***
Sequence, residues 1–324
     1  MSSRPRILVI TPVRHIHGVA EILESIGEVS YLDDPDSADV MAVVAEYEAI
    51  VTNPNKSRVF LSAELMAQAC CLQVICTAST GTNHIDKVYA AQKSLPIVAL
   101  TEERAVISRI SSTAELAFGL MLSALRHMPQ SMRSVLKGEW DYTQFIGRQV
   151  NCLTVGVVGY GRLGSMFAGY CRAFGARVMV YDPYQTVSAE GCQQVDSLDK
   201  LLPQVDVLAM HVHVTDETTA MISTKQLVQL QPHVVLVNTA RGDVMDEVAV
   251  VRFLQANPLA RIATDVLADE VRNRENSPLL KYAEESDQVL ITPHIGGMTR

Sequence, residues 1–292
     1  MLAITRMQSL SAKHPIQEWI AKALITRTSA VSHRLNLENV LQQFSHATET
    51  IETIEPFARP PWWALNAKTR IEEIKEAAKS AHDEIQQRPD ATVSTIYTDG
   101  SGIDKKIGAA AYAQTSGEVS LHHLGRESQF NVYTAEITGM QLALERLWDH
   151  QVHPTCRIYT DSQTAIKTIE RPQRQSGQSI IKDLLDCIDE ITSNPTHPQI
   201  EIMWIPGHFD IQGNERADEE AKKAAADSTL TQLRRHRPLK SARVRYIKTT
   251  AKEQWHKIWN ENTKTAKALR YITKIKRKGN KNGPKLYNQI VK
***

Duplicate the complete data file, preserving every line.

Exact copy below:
Sequence, residues 1–324
     1  MSSRPRILVI TPVRHIHGVA EILESIGEVS YLDDPDSADV MAVVAEYEAI
    51  VTNPNKSRVF LSAELMAQAC CLQVICTAST GTNHIDKVYA AQKSLPIVAL
   101  TEERAVISRI SSTAELAFGL MLSALRHMPQ SMRSVLKGEW DYTQFIGRQV
   151  NCLTVGVVGY GRLGSMFAGY CRAFGARVMV YDPYQTVSAE GCQQVDSLDK
   201  LLPQVDVLAM HVHVTDETTA MISTKQLVQL QPHVVLVNTA RGDVMDEVAV
   251  VRFLQANPLA RIATDVLADE VRNRENSPLL KYAEESDQVL ITPHIGGMTR

Sequence, residues 1–292
     1  MLAITRMQSL SAKHPIQEWI AKALITRTSA VSHRLNLENV LQQFSHATET
    51  IETIEPFARP PWWALNAKTR IEEIKEAAKS AHDEIQQRPD ATVSTIYTDG
   101  SGIDKKIGAA AYAQTSGEVS LHHLGRESQF NVYTAEITGM QLALERLWDH
   151  QVHPTCRIYT DSQTAIKTIE RPQRQSGQSI IKDLLDCIDE ITSNPTHPQI
   201  EIMWIPGHFD IQGNERADEE AKKAAADSTL TQLRRHRPLK SARVRYIKTT
   251  AKEQWHKIWN ENTKTAKALR YITKIKRKGN KNGPKLYNQI VK